The use of force must be necessary; that means it must be the lowest level of force needed to achieve the legitimate objective
The force must be proportionate to the risk or the danger (for example, it would be disproportionate to shoot someone for stealing a bag of crisps)
Where use of force by the police has resulted in injury or death, a prompt, thorough, independent and impartial investigation into the incident must be conducted
Police officers must be held accountable if they misuse their powers and use excessive force. The police must be held accountable through the courts, if necessary. The international standards relating to police use of force should be included in the law of each country and in police regulations.
 楼主| 发表于 1/16/2018 21:13:04 | 显示全部楼层
First they came for the CommunistsAnd I did not speak out Because I was not a Communist
Then they came for the Socialists
And I did not speak out Because I was not a Socialist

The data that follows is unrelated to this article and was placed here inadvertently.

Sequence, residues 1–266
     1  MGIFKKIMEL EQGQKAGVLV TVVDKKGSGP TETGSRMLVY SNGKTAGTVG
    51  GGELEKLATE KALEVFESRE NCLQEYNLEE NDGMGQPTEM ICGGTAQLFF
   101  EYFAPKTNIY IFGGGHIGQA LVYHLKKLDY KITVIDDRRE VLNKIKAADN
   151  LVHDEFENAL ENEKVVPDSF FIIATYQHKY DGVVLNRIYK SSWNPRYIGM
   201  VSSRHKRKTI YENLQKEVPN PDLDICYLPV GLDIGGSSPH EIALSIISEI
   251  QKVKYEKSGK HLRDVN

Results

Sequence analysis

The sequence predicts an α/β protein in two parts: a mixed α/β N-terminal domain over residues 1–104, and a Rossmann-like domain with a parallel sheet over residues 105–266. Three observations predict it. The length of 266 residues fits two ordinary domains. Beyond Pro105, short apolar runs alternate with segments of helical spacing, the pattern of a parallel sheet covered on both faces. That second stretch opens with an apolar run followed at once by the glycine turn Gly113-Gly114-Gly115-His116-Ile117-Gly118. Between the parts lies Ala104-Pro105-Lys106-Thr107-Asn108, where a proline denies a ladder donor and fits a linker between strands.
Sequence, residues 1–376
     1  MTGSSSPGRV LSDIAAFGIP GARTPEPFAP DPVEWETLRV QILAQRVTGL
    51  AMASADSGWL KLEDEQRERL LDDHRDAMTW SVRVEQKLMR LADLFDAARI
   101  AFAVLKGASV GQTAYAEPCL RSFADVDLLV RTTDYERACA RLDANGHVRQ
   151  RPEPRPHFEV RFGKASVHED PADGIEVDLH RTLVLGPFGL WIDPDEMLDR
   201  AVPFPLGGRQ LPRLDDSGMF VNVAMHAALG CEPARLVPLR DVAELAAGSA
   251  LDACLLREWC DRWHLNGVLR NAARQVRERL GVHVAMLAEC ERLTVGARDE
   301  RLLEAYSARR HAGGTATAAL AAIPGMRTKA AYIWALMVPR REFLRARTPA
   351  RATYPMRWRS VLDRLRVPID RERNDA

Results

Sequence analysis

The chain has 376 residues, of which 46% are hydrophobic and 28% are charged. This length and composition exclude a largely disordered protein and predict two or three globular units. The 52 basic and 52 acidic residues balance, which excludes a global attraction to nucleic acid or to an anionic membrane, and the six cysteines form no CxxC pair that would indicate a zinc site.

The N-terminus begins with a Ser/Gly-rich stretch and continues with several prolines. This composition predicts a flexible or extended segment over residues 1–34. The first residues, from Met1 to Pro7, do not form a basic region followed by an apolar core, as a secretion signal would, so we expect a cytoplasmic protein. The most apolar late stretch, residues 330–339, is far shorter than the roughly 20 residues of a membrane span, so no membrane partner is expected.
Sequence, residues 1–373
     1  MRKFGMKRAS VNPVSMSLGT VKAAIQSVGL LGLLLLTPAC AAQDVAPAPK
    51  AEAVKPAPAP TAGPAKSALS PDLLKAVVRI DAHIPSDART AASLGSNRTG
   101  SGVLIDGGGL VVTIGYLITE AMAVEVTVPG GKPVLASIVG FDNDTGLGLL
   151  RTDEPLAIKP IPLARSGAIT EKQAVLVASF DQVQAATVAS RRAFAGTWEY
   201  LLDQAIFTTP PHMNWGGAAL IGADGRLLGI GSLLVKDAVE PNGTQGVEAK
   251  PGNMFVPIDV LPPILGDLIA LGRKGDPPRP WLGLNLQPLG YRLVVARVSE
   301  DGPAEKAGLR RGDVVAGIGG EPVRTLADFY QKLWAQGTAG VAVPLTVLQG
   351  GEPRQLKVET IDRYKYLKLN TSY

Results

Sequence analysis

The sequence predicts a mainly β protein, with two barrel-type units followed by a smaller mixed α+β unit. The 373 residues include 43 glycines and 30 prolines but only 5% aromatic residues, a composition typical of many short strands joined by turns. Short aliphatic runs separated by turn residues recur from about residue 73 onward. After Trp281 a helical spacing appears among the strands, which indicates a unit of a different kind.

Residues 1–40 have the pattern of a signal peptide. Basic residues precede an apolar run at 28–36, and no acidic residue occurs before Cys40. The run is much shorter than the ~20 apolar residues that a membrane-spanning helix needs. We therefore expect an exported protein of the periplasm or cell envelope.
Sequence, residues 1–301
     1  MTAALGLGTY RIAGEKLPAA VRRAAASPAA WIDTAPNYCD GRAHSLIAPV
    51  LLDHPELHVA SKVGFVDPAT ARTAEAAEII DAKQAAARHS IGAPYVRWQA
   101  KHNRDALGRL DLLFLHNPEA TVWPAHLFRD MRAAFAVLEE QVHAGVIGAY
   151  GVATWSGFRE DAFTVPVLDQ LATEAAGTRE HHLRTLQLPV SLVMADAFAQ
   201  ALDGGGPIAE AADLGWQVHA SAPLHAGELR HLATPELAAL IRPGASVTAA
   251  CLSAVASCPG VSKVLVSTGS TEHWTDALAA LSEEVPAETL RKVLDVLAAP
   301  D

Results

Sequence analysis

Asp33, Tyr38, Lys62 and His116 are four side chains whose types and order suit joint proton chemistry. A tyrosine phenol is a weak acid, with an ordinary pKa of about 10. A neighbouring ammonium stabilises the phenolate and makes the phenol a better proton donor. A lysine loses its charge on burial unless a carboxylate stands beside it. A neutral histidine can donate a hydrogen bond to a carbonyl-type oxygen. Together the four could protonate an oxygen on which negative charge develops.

Then they came for the trade unionists
And I did not speak out Because I was not a trade unionist
Then they came for the Jews
And I did not speak out Because I was not a Jew
Then they came for me
And there was no one left
To speak out for me



Ni Yilan, Beijing lawyer suffering lost her human rights.


In the run-up to the Beijing Olympic Games of 2008, entire sections of the city
were razed to the ground in order to make way for new construction. Ni Yulan
was a lawyer, and she offered legal advice and support to many of the residents
who had lost their homes. She also watched her own home being demolished
by the Chinese authorities just before the Games.


For many years now, Ni Yulan has stood up for human rights, notably by
defending others against eviction. But she and her family have paid a heavy
price. For nearly 20 years, Ni Yulan has been subjected to surveillance,
harassment and restriction of movement by the Chinese authorities; she has
been expelled from her home at least seven times, has served five and a half
years in prison, and as a result of the torture she was subjected to while in
detention, she now uses a wheelchair.


THE LATEST EVICTION
In April 2017, groups of unidentified individuals entered Ni Yulan’s apartment
on three different occasions. They first broke all the water pipes and cut off
the electricity and internet; then they removed the windows and doors from
the apartment; and then, on the third visit, dragged Ni Yulan, her husband
and daughter out of the apartment and forced them into two vans. The family